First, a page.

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Wallingford shelter moves guests to Meriden hotel as donations come in

Wallingford shelter moves guests to Meriden hotel as donations come in



reporter photo

WALLINGFORD — The emergency shelter has moved its clients to a Meriden hotel, but local residents have not forgotten about them.

Columbus House, the New Haven-based nonprofit that operates the Wallingford Emergency Shelter, recently moved nine guests from the shelter, 123 Quinnipiac St., to the Red Roof Inn, 10 Bee St. in Meriden.

John Brooks, Columbus House chief development officer, said Tuesday that although the Wallingford shelter operates seasonally and would have closed April 5, the guests were moved due to coronavirus concerns. 

Wallingford’s family shelter units, located in four townhouses behind the emergency shelter, operate year-round and are still open.

Another 19 clients were moved to the hotel from the Middletown Warming Center, which also would have closed on April 5.

Street outreach and referral work is continuing to bring clients into the system and the hotel, which has a staff member present around the clock, Brooks said.

Payment for hotel rooms is arranged by the state Department of Housing, the agency that’s been coordinating and contracting with hotels.

People can help keep Columbus House operating by making a financial contribution to help pay for logistics, materials and other things needed to provide service to clients, Brooks said.

Columbus House also is accepting donations of personal hygiene items, and on Tuesday received a donation of more than $1,000 worth of supplies.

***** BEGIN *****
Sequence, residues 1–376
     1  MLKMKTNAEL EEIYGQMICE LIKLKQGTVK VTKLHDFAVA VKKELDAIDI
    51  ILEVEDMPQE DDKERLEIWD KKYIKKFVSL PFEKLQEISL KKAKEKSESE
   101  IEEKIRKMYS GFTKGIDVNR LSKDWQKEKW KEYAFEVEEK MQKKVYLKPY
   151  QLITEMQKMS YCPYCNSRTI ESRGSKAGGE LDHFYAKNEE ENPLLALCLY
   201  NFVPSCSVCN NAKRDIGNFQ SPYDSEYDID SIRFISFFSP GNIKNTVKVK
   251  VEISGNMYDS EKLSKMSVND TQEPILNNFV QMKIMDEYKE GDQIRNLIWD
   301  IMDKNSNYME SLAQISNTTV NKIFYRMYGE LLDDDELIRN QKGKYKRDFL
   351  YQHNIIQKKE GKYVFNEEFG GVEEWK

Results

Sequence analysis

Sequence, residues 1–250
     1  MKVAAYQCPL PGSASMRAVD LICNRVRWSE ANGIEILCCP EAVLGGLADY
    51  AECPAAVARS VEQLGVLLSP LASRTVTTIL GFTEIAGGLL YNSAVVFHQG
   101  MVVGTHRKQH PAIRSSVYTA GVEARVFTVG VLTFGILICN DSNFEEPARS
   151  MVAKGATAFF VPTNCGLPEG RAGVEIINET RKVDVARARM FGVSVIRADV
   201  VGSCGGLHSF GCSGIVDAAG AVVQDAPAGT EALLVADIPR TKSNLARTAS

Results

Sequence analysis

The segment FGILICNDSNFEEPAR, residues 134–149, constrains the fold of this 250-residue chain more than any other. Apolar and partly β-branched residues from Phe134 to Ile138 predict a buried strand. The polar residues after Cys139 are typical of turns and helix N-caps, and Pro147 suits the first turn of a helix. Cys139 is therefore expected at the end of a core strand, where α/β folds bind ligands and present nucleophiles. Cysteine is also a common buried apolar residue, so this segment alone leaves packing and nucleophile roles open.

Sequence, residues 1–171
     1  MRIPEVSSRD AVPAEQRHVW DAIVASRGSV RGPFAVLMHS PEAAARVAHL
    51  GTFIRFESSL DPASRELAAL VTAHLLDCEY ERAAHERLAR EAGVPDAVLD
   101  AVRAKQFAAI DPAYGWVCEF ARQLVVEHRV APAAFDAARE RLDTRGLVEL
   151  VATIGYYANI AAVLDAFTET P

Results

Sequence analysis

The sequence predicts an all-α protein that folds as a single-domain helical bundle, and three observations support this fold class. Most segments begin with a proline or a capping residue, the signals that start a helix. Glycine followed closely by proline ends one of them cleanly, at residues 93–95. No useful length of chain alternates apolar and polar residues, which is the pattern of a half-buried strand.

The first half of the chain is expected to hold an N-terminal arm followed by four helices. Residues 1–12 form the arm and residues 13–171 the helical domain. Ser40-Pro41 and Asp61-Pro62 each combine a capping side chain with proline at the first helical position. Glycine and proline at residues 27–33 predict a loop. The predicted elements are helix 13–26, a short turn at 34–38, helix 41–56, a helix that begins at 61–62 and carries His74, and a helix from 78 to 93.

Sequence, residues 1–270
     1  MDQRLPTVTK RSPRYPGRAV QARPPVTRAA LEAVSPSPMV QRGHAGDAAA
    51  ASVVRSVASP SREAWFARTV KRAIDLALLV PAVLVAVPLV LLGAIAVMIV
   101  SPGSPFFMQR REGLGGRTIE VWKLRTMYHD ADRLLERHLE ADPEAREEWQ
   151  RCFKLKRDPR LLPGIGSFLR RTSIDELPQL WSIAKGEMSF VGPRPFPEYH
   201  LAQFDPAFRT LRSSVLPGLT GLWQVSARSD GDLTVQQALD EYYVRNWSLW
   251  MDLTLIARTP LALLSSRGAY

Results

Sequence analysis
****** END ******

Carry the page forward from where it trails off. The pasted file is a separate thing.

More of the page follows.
The toiletries — shampoo, deodorant, soap, hair brushes, socks and feminine products — came through a coordinated effort of the Connecticut Community Initiative, the Brian O’Connell Homeless Project and Weston Ulbrich, a Columbus House board member.

Donna Finneran, of the Brian O’Connell Homeless Project in Oakville, creates “Brian Bags” with personal hygiene items for the homeless.

She said that since she can’t perform that outreach herself — her adult daughter is recuperating at home from a surgery that left her with a low immune system — she wanted to give away her cache of items so they could be put to use immediately.

“I don’t want to be sitting on anything,” she said, “because the homeless really need it.”

She emptied her closet, she said, and gave about $1,000 worth of items to Tim Nielsen, of the Connecticut Community Initiative, who had contacted Finneran about a donation.

He picked up the items Saturday and Kaylie Chudyi, a Wallingford resident and Connecticut Community Initiative volunteer, dropped off supplies to the emergency shelter Tuesday.

“I’ve been volunteering for a little while,” said Chudyi, a 32-year-old mom. “...I didn’t have an easy start in my 20s. I went through a few terrible times so I wanted to give back.”

Ulbrich also dropped off items Tuesday. He’s been running a collection since Friday at West Side Market, 44 S. Turnpike Road, and East Center Market, 816 E. Center St., which continues through April 30.

Ulbrich, whose grandfather, Fred Ulbrich Jr., donated the funds for the emergency shelter’s family units, is collecting body wash, shampoo, toothpaste, toothbrushes, deodorant, shaving cream and razors.

Brooks said the other thing Columbus House staff need is personal protective equipment.

“There’s just a desperate shortage of PPE that our folks need,” he said, adding the group is accepting donations of masks, hand sanitizer and gloves.

“People have been great but we need more,” Brooks said. “We’re going through them as fast as they’re donated.”

LTakores@record-journal.com203-317-2212Twitter: @LCTakores


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